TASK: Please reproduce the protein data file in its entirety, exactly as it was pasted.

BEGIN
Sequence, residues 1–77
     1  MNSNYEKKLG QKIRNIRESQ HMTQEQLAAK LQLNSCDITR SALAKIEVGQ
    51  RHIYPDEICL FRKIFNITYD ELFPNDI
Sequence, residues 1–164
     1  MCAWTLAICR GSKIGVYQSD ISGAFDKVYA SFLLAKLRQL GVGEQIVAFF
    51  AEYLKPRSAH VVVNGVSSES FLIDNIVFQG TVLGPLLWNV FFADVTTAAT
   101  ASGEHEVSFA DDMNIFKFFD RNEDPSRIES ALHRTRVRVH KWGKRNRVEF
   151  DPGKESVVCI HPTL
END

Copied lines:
Sequence, residues 1–77
     1  MNSNYEKKLG QKIRNIRESQ HMTQEQLAAK LQLNSCDITR SALAKIEVGQ
    51  RHIYPDEICL FRKIFNITYD ELFPNDI
Sequence, residues 1–164
     1  MCAWTLAICR GSKIGVYQSD ISGAFDKVYA SFLLAKLRQL GVGEQIVAFF
    51  AEYLKPRSAH VVVNGVSSES FLIDNIVFQG TVLGPLLWNV FFADVTTAAT
   101  ASGEHEVSFA DDMNIFKFFD RNEDPSRIES ALHRTRVRVH KWGKRNRVEF
   151  DPGKESVVCI HPTL